Price, Goaltending, and the Pressures of Montreal

Great article linked below that is the cover story for this week’s ESPN Magazine regarding playing in net for the Habs – the “most stressful job in sports.”

http://sports.espn.go.com/espnmag/story?section=magazine&id=3836512

A few quotes on the psychology of goaltending from the article all goalies should read. First , goalies can’t let anything, including success, dictate their outlook on the game and their performance.

  •  “Mental outlook is such an important part of being a goalie,” says Price in the measured cadence inherited from his father. “My dad always told me to have a short memory, whether things are going good or bad. Play in the moment. If one goes in, forget about it and get ready for the next one.”

Second, the entire team needs leadership and many times they look to their goalie to provide reassurance everything will be alright. This is why goalies cannot allow negative emotion to show particularly when things are not going well. Laying on the ice too long after a goal has been scored against, yelling at the referee, or teammates, is unacceptable. Goalies need to be “the rock” for their team so the team can concentrate on their own responsibilites to work for the win.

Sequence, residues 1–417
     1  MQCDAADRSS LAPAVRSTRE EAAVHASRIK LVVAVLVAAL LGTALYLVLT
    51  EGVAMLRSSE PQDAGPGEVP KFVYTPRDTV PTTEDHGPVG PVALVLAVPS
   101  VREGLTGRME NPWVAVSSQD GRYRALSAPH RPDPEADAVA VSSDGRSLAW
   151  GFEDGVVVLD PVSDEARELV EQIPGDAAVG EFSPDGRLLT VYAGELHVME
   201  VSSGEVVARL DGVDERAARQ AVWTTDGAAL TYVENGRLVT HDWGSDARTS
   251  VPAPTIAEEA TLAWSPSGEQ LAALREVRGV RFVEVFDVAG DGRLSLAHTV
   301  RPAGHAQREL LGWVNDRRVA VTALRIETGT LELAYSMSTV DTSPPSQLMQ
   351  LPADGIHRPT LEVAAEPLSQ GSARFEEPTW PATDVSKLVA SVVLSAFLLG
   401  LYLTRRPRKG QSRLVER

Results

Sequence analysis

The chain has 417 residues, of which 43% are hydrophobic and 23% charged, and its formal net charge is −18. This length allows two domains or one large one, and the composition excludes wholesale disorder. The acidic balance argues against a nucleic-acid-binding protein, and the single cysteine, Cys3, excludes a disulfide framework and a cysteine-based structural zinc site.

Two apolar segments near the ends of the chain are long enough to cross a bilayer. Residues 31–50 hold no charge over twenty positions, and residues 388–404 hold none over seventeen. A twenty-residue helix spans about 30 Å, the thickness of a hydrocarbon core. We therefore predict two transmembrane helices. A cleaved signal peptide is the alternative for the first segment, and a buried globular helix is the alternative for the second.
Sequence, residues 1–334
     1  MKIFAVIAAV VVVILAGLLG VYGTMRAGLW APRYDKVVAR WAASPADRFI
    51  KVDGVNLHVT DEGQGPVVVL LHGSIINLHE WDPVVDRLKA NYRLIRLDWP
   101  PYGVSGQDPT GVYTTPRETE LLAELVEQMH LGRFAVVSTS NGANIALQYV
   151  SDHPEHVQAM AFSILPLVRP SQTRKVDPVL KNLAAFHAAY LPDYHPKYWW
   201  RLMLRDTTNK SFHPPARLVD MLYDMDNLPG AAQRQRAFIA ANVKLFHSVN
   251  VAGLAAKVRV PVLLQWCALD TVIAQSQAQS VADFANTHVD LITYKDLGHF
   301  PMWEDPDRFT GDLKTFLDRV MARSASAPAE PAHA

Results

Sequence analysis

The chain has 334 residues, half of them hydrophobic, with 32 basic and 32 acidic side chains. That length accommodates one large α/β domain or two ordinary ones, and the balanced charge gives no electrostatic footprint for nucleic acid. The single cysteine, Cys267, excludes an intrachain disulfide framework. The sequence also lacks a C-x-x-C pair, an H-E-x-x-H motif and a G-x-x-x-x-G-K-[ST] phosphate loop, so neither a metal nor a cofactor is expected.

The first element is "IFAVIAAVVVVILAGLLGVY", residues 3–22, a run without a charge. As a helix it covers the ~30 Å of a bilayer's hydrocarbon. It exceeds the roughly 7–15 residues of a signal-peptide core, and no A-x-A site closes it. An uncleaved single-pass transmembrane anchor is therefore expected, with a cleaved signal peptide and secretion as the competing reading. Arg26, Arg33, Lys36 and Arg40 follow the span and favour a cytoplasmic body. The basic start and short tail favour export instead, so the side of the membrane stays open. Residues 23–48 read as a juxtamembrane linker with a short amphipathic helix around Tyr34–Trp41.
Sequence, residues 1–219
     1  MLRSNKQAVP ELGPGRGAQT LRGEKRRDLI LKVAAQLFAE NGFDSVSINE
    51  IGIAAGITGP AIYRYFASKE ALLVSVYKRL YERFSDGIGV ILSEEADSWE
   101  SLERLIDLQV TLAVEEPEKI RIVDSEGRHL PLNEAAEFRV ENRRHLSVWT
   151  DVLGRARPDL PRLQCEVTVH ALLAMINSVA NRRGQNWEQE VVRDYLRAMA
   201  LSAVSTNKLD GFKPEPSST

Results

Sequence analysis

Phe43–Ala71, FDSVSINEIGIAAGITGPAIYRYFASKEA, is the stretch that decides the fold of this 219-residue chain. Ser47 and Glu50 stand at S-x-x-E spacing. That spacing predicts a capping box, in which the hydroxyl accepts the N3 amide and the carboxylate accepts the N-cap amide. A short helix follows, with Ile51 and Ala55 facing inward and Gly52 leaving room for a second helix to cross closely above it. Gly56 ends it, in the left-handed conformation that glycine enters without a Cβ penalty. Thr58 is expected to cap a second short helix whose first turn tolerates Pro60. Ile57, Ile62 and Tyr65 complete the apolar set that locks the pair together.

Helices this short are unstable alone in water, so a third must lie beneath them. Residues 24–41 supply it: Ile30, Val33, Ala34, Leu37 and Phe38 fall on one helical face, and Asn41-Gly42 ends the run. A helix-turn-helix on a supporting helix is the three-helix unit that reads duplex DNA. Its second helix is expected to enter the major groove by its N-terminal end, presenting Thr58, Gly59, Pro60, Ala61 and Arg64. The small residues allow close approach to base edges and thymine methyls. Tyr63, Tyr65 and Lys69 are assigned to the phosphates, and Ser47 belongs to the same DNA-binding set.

• That’s why Price’s quietness and composure may be his best assets. “He’s always calm back there, and it spills over to the whole team,” says teammate Mike Komisarek. “No matter how crazy things get, he doesn’t show much.”
  • … according to (Ken) Dryden, who wrote about his time in Montreal in his 1983 book The Game. “You’re trying to deliver a message to your team that things are okay back here. This end of the ice is pretty well cared for.”

price-vintage

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